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United States Department of Agriculture

Agricultural Research Service

Title: RELATIONSHIP BETWEEN SEXUAL BEHAVIOR CLASSIFICATIONS OF RAMS AND LAMBS SIRED IN A COMPETITIVE BREEDING ENVIRONMENT

Authors
item Stellflug, John
item Cockett, Noelle - UTAH STATE UNIVERSITY
item Lewis, Gregory

Submitted to: Journal of Animal Science Supplement
Publication Type: Abstract Only
Publication Acceptance Date: March 22, 2005
Publication Date: April 1, 2005
Citation: Stellflug, J.N., Cockett, N.E., Lewis, G.L. 2005. Relationship bewteen sexual behavior classificaions of rams and lambs sired in a competitive breeding environment [abstract]. Journal of Animal Science. 83(Suppl. 2)Paper No.26:105.

Interpretive Summary: The relationship of three different classifications of rams and lambs sired were determined in a competitive breeding environment to evaluate ram sexual behavior tests. The individual sexual partner preference tests conducted with two restrained rams and two restrained estrual females did not predict breeding performance of male-oriented rams. However, serving capacity tests conducted with three unrestrained estrual ewes did predict breeding performance of high and low sexual performance female-oriented rams. Exclusively male-oriented rams, as identified in sexual partner preference tests before the breeding trial, bred ewes under competitive conditions, sired as many lambs as low sexual performance rams, but did not sire as many lambs as high sexual performance rams. Thus sexual partner preference tests used to identify male-oriented rams did not predict breeding performance in a competitive breeding environment. Serving capacity tests can be used to classify high and low sexual performance rams and show a close relationship to breeding performance. Under the conditions of this study where 10 to 12 ewes needed to be serviced daily in each breeding pen, low performance and male-oriented rams did not have an adverse impact on the outcome of the breeding period because together low performance and male-oriented rams bred as many ewes as the high performance ram alone. Therefore, we suggest that serving capacity tests should be used to select high performance rams and reduce the number of rams with marginal sexual performance.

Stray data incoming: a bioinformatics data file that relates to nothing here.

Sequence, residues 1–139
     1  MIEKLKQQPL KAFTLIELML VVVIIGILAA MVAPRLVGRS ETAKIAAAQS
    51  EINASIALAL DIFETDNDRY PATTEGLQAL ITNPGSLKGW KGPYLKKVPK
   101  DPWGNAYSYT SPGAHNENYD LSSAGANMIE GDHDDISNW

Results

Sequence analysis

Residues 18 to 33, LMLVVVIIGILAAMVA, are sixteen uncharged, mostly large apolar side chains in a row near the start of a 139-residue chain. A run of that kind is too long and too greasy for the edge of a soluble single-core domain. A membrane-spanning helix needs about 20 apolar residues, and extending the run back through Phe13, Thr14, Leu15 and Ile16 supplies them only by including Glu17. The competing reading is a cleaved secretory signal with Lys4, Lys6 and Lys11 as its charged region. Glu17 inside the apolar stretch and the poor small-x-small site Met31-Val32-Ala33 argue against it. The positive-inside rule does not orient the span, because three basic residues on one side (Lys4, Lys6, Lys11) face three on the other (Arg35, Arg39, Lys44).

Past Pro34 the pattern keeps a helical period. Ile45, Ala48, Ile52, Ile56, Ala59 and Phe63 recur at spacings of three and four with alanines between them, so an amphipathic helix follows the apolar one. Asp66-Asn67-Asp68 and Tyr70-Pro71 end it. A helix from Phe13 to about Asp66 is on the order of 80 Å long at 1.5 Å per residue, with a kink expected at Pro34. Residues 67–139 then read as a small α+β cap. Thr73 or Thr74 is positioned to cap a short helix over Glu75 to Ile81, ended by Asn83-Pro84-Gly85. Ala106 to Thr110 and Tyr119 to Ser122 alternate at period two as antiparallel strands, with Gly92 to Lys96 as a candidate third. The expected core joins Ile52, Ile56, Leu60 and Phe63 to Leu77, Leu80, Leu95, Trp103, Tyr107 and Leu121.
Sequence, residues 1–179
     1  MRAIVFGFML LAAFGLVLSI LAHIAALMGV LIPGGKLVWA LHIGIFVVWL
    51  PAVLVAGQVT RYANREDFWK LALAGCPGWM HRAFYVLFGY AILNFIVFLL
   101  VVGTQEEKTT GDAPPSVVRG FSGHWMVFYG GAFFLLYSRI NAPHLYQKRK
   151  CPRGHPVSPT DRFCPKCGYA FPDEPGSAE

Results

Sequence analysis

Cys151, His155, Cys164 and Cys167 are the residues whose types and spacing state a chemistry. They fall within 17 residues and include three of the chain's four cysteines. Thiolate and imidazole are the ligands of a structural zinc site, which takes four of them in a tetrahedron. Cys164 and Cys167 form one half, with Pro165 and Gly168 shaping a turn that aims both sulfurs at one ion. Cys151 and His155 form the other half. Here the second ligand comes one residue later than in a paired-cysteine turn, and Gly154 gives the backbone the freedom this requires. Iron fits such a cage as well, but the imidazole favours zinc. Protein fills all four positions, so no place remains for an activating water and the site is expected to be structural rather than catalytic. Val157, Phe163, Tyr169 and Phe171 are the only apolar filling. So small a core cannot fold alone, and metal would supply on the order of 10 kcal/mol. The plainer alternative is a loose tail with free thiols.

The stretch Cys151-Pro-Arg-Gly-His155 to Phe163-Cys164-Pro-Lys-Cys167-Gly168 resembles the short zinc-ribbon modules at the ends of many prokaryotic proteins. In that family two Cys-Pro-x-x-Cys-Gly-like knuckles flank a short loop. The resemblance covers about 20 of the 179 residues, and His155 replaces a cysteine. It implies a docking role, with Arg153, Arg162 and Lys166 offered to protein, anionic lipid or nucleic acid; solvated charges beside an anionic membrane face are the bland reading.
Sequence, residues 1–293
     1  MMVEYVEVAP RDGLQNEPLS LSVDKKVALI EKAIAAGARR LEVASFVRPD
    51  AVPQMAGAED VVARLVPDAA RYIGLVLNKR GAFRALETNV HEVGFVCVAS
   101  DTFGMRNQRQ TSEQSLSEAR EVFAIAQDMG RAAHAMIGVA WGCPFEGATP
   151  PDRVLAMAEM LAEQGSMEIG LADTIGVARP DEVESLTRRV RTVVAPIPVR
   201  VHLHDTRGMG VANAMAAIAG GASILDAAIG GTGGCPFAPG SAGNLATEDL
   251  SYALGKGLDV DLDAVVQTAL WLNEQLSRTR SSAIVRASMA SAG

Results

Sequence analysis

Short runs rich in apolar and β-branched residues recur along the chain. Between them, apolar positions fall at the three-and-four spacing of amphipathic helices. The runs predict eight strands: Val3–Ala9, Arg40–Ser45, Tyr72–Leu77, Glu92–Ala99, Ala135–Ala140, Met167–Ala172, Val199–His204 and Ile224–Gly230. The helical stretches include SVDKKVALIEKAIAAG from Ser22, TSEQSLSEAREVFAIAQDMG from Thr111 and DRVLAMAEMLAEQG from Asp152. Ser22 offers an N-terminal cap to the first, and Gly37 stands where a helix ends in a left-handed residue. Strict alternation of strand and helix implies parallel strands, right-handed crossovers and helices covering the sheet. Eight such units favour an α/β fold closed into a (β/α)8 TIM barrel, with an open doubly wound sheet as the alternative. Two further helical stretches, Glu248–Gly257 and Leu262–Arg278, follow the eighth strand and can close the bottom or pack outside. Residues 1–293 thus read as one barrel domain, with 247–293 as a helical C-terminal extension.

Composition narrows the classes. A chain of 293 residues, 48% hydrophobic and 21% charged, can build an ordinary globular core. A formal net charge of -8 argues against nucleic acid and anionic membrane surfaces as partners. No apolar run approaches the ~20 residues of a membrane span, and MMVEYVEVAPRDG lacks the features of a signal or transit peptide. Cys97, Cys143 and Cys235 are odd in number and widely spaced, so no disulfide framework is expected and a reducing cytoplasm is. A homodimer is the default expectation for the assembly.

Technical Abstract: The objective for this study was to determine the relationship between three sexual classes of rams and lambs sired in a competitive breeding environment. Fifteen, 2- to 3-yr-old white-face rams classified as female-oriented, with high (HPFOR) or low (LPFOR) sexual performance, or male-oriented (MOR) were used in a multiple-sire breeding arrangement. Five flocks of approximately 200 ewes each were exposed for 21 d to three rams per flock consisting of one ram from each of the classes. Rams were initially blocked for sexual class, and those with similar genetic relationships were assigned to different pens. Genomic DNA was prepared from blood collected from rams, ewes, and lambs. Up to four microsatellite markers were used to assign sire parentage within pens. Sexual partner preference tests (PREFT) used to identify MOR did not accurately predict sexual performance during competitive breeding. In contrast to only mounting and servicing males in PREFT before breeding, MOR sired 480 lambs from 330 ewes. Serving capacity tests (SCT) predicted sexual performance of HPFOR and LPFOR. The HPFOR impregnated more ewes (499 vs 258; P < 0.05) and sired more lambs (756 vs 357; P < 0.05) than LPFOR, respectively. The LPFOR and MOR did not differ for ewes impregnated or lambs sired. We conclude 1) that the PREFT used to classify MOR did not predict their breeding performance in competitive breeding; 2) that SCT did predict that HPFOR rams would impregnate more ewes than LPFOR and sire more lambs than did either LPFOR or MOR; and 3) under conditions of this study, LPFOR and MOR did not have an adverse impact on the overall breeding outcome. Combined LPFOR and MOR sired as many lambs as HPFOR, thus requiring twice as many rams to obtain equivalent breeding results as HPFOR. Therefore, we suggest that SCT should be used to select HPFOR and reduce the number of rams with marginal sexual performance.

Last Modified: 10/31/2014
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